What Do We Want?

Gershon Perlman,

לבן ריק
לבן ריק
צילום: ערוץ 7
Gershon Perlman
Raised in a secular environment in the USA until as a university student Gershon Perlman left everything behind in the 1970s to become an observant Jew living in Israel. He is a 23 year veteran of Gush Katif has raised a family and works as an ESL teacher. He has unique and deep insights in matters of Israel and the Jewish People.

What Do We Want?

                Before elections, as before any other decision, we must ask: what do we want? Over forty years ago as a university student in the USA, I asked myself: "what do I want of life." My answer was, I want to lead a maximum Jewish life; meaning taking upon the responsibilities of being a Jew. This meant observing the mitzvoth, living in Israel, serving in the IDF, getting married and raising a family. I wasn't personally ambitious, but wanted to guarantee that my children would grow up knowing who, what and why they are. I also wanted to go the extra mile and live over the Green Line - the liberated territories; I wanted my aliyah to be relevant.

                In every election I voted for Rabbi Meir Kahane, because he represented what I wanted: a Jewish state, rather than a state of a lot of Jews. He thought of the good of the country rather than any personal benefits, he even donated his Knesset salary to the poor. He would not  sacrifice his vision even for his life. After the Likud and Labor parties ganged up on him and disqualified him, I continued to vote for the parties that put the integrity of the liberated territories first and foremost. From 1978 onward half the time my choices didn't even pass the threshold.

                There are many issues at stake in these elections, but I've been saying that to myself since the first elections I voted in, in 1980. The feeling of preventing impending tragedy is as thick as always. The choice between the Jewish state and the state of Jews has not changed, and probably never will. I find myself voting on the exact same issues for forty years.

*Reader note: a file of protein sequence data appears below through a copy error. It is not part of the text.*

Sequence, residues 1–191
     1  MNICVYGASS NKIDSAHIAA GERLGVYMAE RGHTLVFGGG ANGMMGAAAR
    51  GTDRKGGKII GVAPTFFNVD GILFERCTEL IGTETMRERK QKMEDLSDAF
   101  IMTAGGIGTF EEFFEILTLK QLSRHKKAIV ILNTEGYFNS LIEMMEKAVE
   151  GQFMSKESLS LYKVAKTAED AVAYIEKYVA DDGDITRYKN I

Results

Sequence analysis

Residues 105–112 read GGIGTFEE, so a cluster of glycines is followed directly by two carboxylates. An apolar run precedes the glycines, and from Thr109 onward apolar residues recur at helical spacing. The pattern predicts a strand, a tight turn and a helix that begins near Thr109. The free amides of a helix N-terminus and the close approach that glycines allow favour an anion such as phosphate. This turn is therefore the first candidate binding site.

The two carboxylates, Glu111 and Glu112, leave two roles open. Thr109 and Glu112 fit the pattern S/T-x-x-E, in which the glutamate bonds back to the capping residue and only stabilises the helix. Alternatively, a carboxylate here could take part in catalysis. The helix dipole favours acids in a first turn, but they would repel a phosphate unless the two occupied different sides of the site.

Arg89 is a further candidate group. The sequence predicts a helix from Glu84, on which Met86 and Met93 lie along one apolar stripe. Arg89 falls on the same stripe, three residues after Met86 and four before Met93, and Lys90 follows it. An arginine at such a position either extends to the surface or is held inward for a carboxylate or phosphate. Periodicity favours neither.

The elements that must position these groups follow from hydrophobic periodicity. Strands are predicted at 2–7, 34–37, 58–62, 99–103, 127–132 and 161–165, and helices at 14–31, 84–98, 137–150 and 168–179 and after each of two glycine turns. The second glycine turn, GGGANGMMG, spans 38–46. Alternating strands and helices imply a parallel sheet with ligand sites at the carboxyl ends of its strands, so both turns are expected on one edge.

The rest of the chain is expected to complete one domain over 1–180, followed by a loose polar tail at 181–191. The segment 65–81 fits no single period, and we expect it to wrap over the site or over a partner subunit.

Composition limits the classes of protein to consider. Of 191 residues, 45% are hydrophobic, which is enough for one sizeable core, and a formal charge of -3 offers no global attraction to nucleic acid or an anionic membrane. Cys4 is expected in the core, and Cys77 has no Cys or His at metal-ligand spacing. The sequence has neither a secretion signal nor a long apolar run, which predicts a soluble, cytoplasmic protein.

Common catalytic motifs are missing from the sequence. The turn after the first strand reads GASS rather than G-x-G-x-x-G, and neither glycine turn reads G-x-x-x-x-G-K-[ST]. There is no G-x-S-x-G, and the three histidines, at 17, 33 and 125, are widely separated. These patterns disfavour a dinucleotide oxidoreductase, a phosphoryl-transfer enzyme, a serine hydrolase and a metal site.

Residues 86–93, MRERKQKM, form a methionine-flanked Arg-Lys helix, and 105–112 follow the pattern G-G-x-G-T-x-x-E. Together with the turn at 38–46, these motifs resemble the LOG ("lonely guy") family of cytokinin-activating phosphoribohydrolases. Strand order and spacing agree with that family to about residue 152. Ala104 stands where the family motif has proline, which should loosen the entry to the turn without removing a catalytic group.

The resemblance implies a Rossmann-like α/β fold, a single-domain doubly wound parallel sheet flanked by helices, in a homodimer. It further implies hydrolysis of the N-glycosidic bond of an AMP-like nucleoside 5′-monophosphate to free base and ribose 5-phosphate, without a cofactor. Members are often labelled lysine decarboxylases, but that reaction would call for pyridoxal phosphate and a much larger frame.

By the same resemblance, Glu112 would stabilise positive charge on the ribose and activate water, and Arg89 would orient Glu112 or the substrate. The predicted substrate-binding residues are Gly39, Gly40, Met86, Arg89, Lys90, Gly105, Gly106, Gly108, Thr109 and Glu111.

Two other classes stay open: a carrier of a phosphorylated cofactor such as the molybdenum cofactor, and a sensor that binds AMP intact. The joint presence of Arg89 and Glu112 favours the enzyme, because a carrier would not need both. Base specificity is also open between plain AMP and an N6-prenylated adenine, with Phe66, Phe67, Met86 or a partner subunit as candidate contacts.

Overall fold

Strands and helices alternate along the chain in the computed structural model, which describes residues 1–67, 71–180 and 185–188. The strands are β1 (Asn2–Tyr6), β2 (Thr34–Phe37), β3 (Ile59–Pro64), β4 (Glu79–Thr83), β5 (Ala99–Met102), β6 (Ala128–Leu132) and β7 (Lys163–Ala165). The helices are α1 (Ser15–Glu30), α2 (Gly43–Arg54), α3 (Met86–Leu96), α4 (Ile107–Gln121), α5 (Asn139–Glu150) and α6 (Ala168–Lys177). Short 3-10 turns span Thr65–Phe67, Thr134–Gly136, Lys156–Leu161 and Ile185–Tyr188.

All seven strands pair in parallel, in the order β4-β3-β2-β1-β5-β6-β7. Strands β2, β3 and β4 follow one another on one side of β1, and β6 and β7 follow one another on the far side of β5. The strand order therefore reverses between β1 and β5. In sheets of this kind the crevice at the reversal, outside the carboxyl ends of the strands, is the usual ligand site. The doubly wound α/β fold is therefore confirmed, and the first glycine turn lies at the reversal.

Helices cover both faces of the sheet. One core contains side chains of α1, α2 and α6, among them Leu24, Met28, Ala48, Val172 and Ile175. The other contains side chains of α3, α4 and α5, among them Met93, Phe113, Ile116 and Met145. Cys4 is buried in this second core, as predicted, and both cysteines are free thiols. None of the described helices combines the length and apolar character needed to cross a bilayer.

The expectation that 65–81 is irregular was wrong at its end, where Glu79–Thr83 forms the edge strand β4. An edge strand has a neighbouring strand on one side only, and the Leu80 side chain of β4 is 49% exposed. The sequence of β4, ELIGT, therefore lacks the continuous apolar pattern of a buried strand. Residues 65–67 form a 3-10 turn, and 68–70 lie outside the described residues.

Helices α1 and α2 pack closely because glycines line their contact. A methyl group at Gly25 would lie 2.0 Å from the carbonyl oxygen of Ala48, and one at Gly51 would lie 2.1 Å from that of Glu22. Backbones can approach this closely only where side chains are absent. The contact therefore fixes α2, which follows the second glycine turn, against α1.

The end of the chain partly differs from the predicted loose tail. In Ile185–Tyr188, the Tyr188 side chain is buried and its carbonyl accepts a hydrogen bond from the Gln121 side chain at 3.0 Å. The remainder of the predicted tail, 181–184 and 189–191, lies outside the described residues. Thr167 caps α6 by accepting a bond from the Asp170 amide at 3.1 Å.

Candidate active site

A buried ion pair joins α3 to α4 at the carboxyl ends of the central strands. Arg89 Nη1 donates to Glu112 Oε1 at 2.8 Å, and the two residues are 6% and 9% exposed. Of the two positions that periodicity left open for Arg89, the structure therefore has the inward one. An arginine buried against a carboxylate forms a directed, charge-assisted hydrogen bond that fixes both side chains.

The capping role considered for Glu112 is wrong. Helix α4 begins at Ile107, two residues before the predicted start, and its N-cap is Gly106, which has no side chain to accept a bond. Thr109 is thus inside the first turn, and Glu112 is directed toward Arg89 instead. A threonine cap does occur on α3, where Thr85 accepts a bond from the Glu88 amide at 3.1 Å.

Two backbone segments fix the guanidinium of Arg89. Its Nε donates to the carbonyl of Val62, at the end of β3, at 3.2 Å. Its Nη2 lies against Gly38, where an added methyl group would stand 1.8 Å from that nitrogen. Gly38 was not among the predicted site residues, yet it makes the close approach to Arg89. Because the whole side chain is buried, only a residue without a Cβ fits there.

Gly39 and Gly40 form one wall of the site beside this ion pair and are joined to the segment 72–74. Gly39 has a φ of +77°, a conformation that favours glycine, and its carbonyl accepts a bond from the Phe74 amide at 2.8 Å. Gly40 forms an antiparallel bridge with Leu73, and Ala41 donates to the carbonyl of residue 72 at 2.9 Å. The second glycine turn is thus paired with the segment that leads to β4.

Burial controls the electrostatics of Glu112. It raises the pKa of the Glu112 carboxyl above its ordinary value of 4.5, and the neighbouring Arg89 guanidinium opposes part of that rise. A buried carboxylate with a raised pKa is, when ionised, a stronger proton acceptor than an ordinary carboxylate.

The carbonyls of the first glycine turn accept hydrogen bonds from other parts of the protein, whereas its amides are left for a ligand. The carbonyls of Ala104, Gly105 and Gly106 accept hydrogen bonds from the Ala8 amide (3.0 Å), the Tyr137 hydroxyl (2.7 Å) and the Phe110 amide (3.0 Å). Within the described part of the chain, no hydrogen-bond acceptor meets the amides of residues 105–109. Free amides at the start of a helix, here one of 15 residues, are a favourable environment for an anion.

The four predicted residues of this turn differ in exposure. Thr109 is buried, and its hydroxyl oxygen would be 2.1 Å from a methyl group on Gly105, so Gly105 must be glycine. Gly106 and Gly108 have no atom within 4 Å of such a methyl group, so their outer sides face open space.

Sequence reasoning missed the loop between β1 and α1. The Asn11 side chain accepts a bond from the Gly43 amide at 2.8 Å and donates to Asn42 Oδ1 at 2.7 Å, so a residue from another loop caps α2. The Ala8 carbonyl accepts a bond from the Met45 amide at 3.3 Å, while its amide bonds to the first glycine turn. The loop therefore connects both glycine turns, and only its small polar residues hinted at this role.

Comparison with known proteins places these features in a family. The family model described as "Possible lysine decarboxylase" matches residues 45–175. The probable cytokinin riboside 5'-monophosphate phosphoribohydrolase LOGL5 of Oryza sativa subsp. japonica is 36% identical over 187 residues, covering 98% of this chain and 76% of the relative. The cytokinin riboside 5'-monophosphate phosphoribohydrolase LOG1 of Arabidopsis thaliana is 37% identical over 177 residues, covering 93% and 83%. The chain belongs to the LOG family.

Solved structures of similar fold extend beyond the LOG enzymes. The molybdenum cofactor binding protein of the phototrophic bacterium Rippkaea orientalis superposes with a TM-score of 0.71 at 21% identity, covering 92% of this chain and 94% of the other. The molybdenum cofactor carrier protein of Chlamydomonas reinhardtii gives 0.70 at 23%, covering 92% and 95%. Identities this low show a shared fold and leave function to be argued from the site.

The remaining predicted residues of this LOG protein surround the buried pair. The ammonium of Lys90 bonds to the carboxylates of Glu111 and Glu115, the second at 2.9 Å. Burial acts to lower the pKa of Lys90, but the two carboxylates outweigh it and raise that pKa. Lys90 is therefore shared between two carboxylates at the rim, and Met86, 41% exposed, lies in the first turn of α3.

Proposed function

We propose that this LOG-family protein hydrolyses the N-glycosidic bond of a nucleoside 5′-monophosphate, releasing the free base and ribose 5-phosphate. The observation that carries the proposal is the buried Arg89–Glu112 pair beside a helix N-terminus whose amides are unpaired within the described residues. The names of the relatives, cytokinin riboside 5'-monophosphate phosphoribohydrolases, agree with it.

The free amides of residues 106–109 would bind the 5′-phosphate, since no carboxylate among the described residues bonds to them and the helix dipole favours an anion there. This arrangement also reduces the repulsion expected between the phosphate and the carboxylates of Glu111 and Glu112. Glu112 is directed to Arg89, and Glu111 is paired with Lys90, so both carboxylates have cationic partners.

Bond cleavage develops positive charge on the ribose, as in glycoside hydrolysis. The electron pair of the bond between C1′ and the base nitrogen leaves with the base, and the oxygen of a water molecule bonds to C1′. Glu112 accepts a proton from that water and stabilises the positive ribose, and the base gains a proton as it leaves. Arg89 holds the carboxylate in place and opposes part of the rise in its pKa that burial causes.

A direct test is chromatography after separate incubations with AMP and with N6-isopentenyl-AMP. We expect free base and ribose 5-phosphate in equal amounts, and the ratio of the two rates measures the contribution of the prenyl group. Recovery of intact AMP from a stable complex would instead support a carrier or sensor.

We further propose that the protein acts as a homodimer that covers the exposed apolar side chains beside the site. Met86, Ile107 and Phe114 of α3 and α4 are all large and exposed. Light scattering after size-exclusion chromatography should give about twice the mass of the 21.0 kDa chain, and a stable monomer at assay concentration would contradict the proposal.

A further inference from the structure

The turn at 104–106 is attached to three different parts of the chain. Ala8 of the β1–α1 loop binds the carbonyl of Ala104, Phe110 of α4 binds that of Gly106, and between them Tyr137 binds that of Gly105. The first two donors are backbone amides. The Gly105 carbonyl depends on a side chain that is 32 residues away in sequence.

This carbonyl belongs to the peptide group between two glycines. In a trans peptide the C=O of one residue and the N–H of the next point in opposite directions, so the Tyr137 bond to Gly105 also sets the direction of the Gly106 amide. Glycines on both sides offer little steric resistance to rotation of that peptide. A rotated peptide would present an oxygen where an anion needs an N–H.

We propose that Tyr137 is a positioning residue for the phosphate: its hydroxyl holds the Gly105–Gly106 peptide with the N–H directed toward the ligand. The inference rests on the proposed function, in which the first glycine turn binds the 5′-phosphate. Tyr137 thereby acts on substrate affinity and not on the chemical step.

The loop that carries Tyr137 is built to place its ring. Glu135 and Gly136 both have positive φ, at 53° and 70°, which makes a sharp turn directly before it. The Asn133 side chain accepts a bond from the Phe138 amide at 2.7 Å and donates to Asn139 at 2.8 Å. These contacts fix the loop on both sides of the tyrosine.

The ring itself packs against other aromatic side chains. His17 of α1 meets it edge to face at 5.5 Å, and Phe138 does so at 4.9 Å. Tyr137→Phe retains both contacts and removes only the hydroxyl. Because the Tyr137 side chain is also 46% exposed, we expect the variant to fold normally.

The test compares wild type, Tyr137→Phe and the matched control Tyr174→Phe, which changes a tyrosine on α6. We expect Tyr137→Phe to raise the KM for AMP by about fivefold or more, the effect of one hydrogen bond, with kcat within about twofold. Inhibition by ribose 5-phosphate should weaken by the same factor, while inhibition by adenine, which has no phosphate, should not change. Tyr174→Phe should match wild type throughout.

Once again I ask myself: what do I want? My answer is always the same, there is one thing that is irreversible and that is the Land of Israel. Every political party has its price on this issue; it is not number one on any list except for Yamina and Otzma. I want to see Otzma in the Knesset, I want its Kahanaist ideology find its rightful place in the mainstream. It is what a Jewish state is about, saving us from within, saving us from internal assimilation as much as the external threats, but our society is not yet there. The proof is in the electoral numbers that don't add up. We still live under the administration of a far-left media and judiciary that tells Israelis how and what to think.

                I'm voting for Yamina, not because it checks all the boxes, but because it checks most of them and has people who get things done. I will not waste a vote to send a message, I've done that often enough, and this time  there is a party that has through action,  proven its commitment to the integrity of The Land of Israel and that needs to be strengthened above all other considerations.